If we have no qualms about importing from other countries why cannot we buy ammunition from our own private sector companies? While restrictions could apply to production of small arms and ammunition, for large calibre arms and ammunition there is a case for permitting the private sector companies to chip in.
The recommendations of a committee set up in 2009 to review the delegated powers were accepted by the Defence Minister in December 2010 but soon thereafter these were held in abeyance because of the perceived fear that there was a large scale misuse of the delegated powers and that implementation of committee’s recommendations would result in excessive delegation of powers.
It is difficult to understand why the MoD should bind itself by asking for request for information (RFI) that cannot be compared across all the proposals. What would constitute ‘capability’ and ‘requisite infrastructure’ to license produce the aircraft is a matter of subjective interpretation and therefore, it would become difficult for MoD to assess whether the information provided by a bidder establishes that he/she has the requisite capability/infrastructure.
On Feb 14, 2014, MoD issued an office memorandum about operationalization of a Offsets Facilitation Cell. This is the perhaps the first positive step in a long time and the MoD needs to be complimented for it. However, absence of an operating procedure, clarity about the exact nature of mandate and guidelines for those who will man the cell could turn out to be a bane for this wonderful initiative.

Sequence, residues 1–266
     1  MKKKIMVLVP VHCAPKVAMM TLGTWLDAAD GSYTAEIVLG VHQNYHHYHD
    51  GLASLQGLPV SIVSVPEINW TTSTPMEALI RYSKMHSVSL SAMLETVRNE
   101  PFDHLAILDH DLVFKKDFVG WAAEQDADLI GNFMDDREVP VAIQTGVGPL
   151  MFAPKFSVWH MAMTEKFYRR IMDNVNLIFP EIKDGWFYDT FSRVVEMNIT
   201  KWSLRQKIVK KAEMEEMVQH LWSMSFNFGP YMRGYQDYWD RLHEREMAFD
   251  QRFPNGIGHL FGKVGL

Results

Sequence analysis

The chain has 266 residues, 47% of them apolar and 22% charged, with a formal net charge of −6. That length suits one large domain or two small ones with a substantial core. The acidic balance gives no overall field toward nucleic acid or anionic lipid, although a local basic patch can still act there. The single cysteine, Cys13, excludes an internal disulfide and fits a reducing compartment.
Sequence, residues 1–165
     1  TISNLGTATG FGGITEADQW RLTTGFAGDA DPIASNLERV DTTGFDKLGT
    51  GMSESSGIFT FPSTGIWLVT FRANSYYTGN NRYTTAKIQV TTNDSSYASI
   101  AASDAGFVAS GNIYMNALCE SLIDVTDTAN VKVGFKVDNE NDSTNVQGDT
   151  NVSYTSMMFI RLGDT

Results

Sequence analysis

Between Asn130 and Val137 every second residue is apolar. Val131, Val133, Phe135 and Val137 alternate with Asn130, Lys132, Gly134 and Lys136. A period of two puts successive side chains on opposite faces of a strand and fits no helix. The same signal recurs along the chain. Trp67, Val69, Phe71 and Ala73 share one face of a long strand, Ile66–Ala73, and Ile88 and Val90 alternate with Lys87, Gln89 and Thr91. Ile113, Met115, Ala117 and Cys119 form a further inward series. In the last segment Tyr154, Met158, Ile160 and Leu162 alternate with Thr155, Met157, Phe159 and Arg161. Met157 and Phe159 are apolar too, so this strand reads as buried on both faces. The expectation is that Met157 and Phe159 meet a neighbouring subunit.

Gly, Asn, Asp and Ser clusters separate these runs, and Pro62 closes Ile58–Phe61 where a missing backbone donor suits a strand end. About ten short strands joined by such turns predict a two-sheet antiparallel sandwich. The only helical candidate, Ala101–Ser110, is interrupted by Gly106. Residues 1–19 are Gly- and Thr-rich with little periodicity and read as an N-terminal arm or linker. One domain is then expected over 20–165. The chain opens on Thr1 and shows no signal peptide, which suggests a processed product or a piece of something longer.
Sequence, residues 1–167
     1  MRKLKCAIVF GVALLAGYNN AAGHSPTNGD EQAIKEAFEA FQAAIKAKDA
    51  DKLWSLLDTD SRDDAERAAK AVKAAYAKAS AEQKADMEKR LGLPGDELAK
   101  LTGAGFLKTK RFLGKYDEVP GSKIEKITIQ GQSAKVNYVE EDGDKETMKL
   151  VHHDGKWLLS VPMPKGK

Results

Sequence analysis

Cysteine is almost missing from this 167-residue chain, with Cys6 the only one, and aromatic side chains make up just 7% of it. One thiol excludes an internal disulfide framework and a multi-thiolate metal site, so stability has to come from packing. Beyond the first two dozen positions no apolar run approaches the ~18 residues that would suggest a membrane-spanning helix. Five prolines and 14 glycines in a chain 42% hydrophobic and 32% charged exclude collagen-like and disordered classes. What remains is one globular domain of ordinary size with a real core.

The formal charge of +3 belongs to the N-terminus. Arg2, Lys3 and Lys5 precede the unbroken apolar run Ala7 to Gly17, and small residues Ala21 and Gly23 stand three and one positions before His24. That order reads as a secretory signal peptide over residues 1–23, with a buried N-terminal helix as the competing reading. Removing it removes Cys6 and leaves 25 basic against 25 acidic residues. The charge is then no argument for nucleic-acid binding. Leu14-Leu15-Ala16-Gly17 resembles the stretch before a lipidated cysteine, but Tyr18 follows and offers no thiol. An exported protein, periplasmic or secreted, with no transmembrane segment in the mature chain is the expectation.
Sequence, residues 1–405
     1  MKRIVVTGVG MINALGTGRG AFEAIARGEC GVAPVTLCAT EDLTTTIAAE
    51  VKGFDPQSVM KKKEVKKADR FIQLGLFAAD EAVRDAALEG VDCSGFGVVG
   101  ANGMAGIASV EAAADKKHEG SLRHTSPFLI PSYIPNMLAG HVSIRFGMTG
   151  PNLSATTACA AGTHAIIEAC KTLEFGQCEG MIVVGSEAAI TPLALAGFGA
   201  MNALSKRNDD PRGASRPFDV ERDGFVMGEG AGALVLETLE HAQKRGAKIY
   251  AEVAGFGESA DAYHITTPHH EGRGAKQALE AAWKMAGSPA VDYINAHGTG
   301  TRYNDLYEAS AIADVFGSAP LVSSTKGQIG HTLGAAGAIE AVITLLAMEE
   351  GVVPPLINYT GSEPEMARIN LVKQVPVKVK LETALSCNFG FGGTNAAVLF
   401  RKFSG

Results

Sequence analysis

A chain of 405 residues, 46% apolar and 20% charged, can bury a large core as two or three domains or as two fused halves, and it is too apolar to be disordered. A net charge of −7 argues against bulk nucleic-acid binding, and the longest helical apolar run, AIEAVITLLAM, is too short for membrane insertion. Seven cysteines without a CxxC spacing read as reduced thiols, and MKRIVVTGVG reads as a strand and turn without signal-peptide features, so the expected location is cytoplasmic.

Projecting a demand which cannot be met is as pointless as allocating budget that is barely sufficient to sustain the armed forces and other departments of the MoD. The persistent neglect of this aspect of defence management is taking its toll not only on the stock of ammunition held by the armed forces, notably the Army, but also on serviceability levels of the equipment.
The Defence Procurement Procedure 2013, as also its earlier versions, does not define an Indian company. Some would argue that the answer is very simple: any entity registered in India under the Companies Act, 2013 or any other relevant statute and operating with a valid license, where such a license is required, qualifies as an Indian company, enterprise, institution or establishment.
India’s quest for modernization of the armed forces is propelled by the persistent threat to its territorial integrity and the aspiration of becoming a great power.
While there was perhaps no option for the MoD but to do what it has done, it would be naive to expect the seller to acquiesce in forfeiture of the bank guarantees, recovery of the sums allegedly paid in violation of the PCIP (assuming that it will be possible to recover this amount) and to simply take the three helicopters back without demur.
Shorn of its rhetoric, the only tangible outcome discernible from the joint statement is the agreement on staging two flag meetings at the LoC. In fact, there are some questions that need to be asked, for example, why did the situation worsen to the extent that the DGsMO had to meet to affirm their commitment to maintain the sanctity of, and the ceasefire on, the LOC?
MoD, according to news reports, has instructed the Army HQ that its permission will need to be taken before changing the structure or role of the units in future. This could easily be interpreted to mean that there are no existing instructions on such vital issues. But such an impression would be wrong.